This is an instrument aiming at collecting timely and comparable cross-sectional and longitudinal multidimensional microdata on income, poverty, social exclusion and living conditions. This instrument is anchored in the European Statistical System (ESS). It was launched in 2003 and it currently covers all 27 Member States, plus Turkey and Switzerland. Implementation in Croatia is being discussed. It provides cross-sectional data pertaining to a given time or a certain time period with variables on income, poverty, social exclusion and other living conditions, as well as longitudinal data pertaining to individual-level changes over time, observed periodically over, typically, a four year period. See more information here.
Eurostat is a Directorate-General (DG) of the European Commission. Its key role is to supply statistics and data to the Commission and other European Institutions, so they can define, implement and monitor Community policies. Data is supplied in all areas: economy, finance, labour market, agriculture… Eurostat also publishes statistical books, as well as very useful short analytical thematic documents (‘Data in focus’ and ‘Statistics in focus’ collections and ‘Statistics explained’ articles). See more information here.
The Treaty on Stability, Coordination and Governance in the Economic and Monetary Union (also known as the Fiscal Compact) is an intergovernmental treaty introduced as a new, stricter version of the previous Stability and Growth Pact. It was signed on 2 March 2012 by all Member States of the European Union, except the Czech Republic and the United Kingdom. Ratifying Member States are required to have enacted laws requiring their national budgets to be in balance or in surplus, within the Treaty’s definition. These laws must also provide for a self-correcting mechanism to prevent their breach. For more information, please see here.
Also called Framework Programmes, or abbreviated FP1 through FP7, these are funding programmes aimed at supporting and encouraging research in the European Union. The specific objectives and actions vary between funding periods. The programmes, up until Framework Programme 6, covered five-year periods, but from FP7 on, programmes will run for seven years. The 8th programme will not be called “FP8”, but is known under the name of “Horizon 2020”. See more details about FP7 here.
Recent initiative of the European Commission, which has proposed to set up a Fund to help the most deprived persons in the EU. The Fund would support Member State schemes providing food to the most deprived people, as well as clothing and other essential goods to homeless people and materially-deprived children. The proposal is currently being negotiated in the European Parliament and the European Union’s Council of Ministers. See more details here.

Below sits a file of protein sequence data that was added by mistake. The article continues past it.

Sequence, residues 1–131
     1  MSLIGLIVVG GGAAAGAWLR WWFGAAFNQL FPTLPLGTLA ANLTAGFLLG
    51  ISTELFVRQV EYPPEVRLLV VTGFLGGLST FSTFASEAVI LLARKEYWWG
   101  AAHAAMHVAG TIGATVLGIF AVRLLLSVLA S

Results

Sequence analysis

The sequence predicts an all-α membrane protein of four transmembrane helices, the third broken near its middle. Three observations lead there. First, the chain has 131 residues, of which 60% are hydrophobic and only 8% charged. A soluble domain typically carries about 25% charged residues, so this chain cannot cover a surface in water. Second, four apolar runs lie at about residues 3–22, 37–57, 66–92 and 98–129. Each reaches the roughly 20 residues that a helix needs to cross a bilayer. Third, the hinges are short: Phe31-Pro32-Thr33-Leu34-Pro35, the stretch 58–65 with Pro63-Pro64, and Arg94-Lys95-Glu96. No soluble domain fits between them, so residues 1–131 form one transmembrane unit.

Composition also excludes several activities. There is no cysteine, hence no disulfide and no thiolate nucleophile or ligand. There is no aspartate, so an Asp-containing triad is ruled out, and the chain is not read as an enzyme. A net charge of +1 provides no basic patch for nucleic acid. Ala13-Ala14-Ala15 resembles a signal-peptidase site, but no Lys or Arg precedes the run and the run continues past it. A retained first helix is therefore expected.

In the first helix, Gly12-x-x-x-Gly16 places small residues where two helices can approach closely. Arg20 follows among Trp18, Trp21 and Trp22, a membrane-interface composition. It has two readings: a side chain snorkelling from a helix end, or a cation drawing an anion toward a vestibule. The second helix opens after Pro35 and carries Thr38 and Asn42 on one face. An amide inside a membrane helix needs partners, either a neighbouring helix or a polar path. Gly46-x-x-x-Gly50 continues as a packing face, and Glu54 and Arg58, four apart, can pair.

A mechanism through which the Member State or the Managing Authority (see below) may entrust the management and implementation of a part of an Operational Programme to one or more intermediate bodies (including NGOs), and may provide small grants to NGOs with 100% financing.
The Network of Independent Experts on Social Inclusion assists the European Commission in monitoring and evaluating the situation with regard to poverty and social exclusion and the policies that are relevant in this respect in the Member States and accession countries (Croatia, the Former Yugoslav Republic of Macedonia, Serbia, Turkey, and Iceland). Each year, experts provide two reports on their respective countries, with regard to a specific subject that is being examined in the context of the EU social inclusion process, and an independent (non-governmental) assessment of an official policy document (the social inclusion strand of the National Strategy Report on Social Protection and Social Inclusion or an official reply to a Social Protection Committee questionnaire on a specific topic). The Network Core Team produces synthesis reports, bringing together the main results of the analysis across countries. For more information and list of experts, see here.
These are a set of 10 guidelines, developed by the European Commission, aimed at helping Member States to implement the 5 overarching targets of thee Europe 2020 Strategy (see above). While the first 6 are macro-economic guidelines, the final 4 (numbers 7 through 10) are the so-called “employment guidelines”, and underpin the employment, education, and poverty-reduction targets of Europe 2020. The Guidelines are supposed to provide a basis for the National Reform Programmes elaborated annually by Member States under Europe 2020.
Conditions that are currently prior to the disbursement of Funds, and which might be introduced in Structural Funds 2014-2020. For Member States facing excessive budget deficit and, thus, not complying with the Growth and Stability Pact rules, Structural Funds could be suspended by the European Commission.
Body set up by Member States at national, regional or other levels, in charge of the detailed management of programmes which receive support from Structural Funds. Its main attributions are to inform potential beneficiaries, select the projects, and generally monitor implementation. You can access information about Managing Authorities by country here.
Evaluation of the progress achieved in reaching the five headline targets of the Strategy, and of the implementation of the seven Flagship Initiatives, as well as the approach and priorities of the Strategy. It is scheduled to take place in 2014.
An MP is a Member of a national Parliament. An MEP is a Member of the European Parliament.
It is an inter-institutional agreement (European Commission, European Parliament and Council), which sets out the spending priorities of the EU budget for a 7-year period. It gives the maximum amounts (ceilings) for each broad category of expenditures (headings). The negotiations about the next programming period 2014-2020 are currently underway.